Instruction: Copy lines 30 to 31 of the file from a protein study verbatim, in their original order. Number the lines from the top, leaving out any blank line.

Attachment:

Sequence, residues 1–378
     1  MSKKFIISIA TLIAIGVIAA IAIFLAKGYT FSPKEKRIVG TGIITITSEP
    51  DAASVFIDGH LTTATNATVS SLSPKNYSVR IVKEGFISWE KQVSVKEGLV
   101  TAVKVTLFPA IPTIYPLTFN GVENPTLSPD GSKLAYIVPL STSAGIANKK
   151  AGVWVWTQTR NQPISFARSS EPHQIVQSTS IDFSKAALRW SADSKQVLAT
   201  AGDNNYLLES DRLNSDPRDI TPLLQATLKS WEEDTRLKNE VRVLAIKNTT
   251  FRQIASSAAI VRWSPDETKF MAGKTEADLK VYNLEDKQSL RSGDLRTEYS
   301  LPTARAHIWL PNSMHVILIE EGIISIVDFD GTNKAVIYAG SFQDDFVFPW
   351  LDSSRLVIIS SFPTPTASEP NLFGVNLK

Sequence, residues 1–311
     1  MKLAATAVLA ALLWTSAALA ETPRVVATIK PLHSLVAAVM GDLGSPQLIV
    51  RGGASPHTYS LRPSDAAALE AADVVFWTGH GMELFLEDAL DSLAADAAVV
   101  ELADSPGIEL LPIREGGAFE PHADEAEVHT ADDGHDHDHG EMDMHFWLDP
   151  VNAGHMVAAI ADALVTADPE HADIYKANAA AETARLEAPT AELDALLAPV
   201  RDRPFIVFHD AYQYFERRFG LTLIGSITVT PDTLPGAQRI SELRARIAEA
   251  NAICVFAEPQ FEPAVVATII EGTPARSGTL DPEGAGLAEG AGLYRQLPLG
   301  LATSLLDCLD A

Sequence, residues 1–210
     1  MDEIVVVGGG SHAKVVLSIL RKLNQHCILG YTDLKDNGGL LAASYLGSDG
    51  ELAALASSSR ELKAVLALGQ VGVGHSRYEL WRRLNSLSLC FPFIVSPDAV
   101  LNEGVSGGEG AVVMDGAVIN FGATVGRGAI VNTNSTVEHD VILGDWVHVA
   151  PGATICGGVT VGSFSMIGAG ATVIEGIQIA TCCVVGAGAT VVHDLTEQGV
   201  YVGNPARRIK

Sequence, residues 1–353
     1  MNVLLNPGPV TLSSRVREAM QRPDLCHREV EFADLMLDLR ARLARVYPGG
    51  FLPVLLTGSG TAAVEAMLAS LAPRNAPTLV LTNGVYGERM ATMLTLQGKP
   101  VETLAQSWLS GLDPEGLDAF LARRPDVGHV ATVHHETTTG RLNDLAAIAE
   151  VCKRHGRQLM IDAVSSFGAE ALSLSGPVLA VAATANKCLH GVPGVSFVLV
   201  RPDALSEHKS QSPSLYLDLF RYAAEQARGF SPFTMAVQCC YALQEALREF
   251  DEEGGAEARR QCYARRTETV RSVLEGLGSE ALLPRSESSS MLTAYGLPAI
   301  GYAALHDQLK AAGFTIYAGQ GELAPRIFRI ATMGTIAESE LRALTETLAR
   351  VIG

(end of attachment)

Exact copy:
   251  DEEGGAEARR QCYARRTETV RSVLEGLGSE ALLPRSESSS MLTAYGLPAI
   301  GYAALHDQLK AAGFTIYAGQ GELAPRIFRI ATMGTIAESE LRALTETLAR